These are just some of the more egregious parts of the legislation in terms of shutting you and the grassroots lobby groups you support out of the electoral and political processes.

Fighting For Freedom

The fight against McCain-Feingold was led in the Senate by Mitch McConnell (R-KY), who called the legislation a "target rich environment for challenge in court." Soon after Senate passage, Sen. McConnell met with a free speech coalition, of which NRA is a member. Included are the American Civil Liberties Union, the Christian Coalition, the Business-Industry Political Action Committee, the U.S. Chamber of Commerce, the National Right to Life Committee, the National Association of Manufacturers and the National Rural Letter Carriers Association. This fast-growing confederation of groups is pooling talent and resources to fight McCain-Feingold on Capitol Hill and in the courts. Unions, such as the AFL-CIO, face the same harsh "issue advocacy" restrictions and oppose S. 27.

Under the legislation, literally every non-profit lobbying institution in the nation is affected in the same way. S. 27 will silence all of the voices of all of the individuals who support virtually every cause during elections through organized "issue advocacy."

The "dirty" word used to describe unwanted influence is "special interest" groups. That`s an inaccurate characterization, said Wayne LaPierre, NRA Executive Vice President.

When considering any and all of the strictures of McCain-Feingold, keep in mind that every violation of McCain-Feingold is a federal crime, many with five-year prison terms and steep fines.

"The NRA`s 4 million members should be proud to be a special interest group," LaPierre said. "Our special interest? Saving the Second Amendment to the United States Constitution. Now we are called upon to save the First Amendment. That`s our special interest as well."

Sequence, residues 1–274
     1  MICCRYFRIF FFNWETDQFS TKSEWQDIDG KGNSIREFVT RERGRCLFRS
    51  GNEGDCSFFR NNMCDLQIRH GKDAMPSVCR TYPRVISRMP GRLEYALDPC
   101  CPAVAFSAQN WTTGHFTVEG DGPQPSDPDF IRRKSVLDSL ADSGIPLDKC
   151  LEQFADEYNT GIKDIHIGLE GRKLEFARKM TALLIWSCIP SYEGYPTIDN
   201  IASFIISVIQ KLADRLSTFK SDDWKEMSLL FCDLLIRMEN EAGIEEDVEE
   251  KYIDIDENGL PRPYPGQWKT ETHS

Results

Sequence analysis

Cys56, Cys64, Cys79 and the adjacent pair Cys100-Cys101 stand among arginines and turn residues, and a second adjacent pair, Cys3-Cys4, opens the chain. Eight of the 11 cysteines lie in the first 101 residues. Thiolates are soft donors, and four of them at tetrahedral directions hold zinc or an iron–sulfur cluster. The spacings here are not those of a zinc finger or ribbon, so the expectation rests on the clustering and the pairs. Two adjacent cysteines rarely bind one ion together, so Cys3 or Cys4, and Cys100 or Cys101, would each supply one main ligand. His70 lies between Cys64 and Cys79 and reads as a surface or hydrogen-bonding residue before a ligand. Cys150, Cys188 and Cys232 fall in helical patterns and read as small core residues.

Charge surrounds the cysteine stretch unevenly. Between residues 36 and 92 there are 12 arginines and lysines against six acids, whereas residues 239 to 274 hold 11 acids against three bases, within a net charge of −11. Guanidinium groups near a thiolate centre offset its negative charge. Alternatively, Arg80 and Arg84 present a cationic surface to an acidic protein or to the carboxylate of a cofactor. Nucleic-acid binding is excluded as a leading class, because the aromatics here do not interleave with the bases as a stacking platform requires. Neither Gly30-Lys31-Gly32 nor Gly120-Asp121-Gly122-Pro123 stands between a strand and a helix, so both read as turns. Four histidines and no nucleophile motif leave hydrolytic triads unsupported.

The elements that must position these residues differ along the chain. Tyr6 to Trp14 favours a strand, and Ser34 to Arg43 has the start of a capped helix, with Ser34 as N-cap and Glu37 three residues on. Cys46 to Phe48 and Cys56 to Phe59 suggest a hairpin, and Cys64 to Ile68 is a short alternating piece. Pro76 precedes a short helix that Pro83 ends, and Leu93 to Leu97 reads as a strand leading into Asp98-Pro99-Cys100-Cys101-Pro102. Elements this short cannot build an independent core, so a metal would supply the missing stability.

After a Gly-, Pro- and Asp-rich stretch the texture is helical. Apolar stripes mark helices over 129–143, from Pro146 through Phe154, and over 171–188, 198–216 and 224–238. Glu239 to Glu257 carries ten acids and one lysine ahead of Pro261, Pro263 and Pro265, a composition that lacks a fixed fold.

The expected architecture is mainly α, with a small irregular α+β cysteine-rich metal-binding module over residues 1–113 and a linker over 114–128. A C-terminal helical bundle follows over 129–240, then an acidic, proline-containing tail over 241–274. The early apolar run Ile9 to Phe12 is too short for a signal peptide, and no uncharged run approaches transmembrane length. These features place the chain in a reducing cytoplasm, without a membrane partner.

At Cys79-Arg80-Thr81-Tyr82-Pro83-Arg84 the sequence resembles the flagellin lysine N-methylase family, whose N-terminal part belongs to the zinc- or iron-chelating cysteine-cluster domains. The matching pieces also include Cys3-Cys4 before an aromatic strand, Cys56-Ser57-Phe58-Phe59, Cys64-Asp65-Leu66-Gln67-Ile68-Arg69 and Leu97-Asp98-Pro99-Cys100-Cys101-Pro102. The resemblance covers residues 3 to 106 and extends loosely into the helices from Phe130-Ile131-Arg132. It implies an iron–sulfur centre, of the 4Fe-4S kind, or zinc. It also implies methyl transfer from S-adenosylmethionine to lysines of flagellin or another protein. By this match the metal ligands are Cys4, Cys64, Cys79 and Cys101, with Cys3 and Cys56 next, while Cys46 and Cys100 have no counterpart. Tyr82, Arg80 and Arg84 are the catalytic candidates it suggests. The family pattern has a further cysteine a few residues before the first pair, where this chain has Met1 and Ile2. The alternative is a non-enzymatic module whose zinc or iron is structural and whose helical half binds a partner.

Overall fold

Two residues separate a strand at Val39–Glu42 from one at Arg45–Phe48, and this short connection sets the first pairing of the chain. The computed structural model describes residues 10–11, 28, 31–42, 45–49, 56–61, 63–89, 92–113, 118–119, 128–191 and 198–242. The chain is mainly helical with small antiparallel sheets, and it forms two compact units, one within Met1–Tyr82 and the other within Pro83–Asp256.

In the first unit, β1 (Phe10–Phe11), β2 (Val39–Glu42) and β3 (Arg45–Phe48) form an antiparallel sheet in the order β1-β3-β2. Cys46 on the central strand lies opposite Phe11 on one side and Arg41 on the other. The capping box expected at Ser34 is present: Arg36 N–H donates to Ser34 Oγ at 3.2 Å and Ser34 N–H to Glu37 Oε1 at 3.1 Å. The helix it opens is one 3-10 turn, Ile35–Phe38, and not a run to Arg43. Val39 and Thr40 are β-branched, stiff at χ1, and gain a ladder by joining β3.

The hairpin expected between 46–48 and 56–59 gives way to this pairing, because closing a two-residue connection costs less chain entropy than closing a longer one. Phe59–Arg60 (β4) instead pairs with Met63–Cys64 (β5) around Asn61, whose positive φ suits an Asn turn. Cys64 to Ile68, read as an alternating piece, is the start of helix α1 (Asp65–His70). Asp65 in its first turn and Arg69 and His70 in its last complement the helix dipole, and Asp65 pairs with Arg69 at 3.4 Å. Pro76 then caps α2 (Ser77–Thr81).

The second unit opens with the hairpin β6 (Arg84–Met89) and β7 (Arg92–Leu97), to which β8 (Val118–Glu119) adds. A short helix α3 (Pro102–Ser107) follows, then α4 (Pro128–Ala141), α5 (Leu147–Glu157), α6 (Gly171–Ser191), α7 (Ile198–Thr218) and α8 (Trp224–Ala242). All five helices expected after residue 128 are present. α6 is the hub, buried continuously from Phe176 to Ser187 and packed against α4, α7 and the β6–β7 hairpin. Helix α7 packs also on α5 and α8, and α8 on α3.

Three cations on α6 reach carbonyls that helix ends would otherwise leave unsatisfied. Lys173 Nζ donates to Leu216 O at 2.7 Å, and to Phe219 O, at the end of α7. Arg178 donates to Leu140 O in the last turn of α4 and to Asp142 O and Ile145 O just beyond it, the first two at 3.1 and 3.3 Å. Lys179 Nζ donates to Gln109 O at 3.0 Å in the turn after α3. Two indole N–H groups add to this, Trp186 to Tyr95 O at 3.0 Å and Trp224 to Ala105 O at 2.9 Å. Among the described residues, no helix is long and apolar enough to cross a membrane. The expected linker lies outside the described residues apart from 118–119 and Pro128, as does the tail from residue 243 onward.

With the potential opposition of every lobbying organization in the nation, how did McCain-Feingold ever see the light of day on the floor of the Senate?

The Media`s Darling

First, Sen. John McCain, R-Ariz., emerged from the last presidential election as the candidate of choice for the national media. They are his following--his fawning constituency. The national media do not cover the issue of campaign finance reform; rather, they are active participants in it and devout partisans of McCain`s point of view.

Given to savoring that power and a pulpit that reaches a majority of the nation, free of charge, every night and every morning, on the tube and in print, McCain has emerged as a media-styled superpower.

That leads to the second reason campaign finance reform eclipsed everything in the Senate for nearly two weeks in March and April--the 50-50 split between Democrats and Republicans, and the "power sharing" agreement that resulted from the even split.

In the Senate, power sharing is supposed to mean that nothing gets done without consensus. But in reality, the Democrats, who are far more aggressive, are often running things--especially if they can get the super-senator to swing their way.

McCain`s relationship with the Democratic leadership paid off when he demanded to bring his campaign finance bill directly to the floor. By doing so, McCain short-circuited the entire, normal, deliberative hearing process. Not one word of testimony in the 1st Senate session of the 107th Congress was heard on campaign finance reform. Not one ordinary American appeared in support or opposition to this legislation.

So, John McCain, for all his talk about power to individual Americans, cut off the voices of the very people who would be affected by his legislation. And if his legislation is enacted into law, you and other ordinary Americans of every stripe will be equally blocked from using paid political speech to affect the electoral process.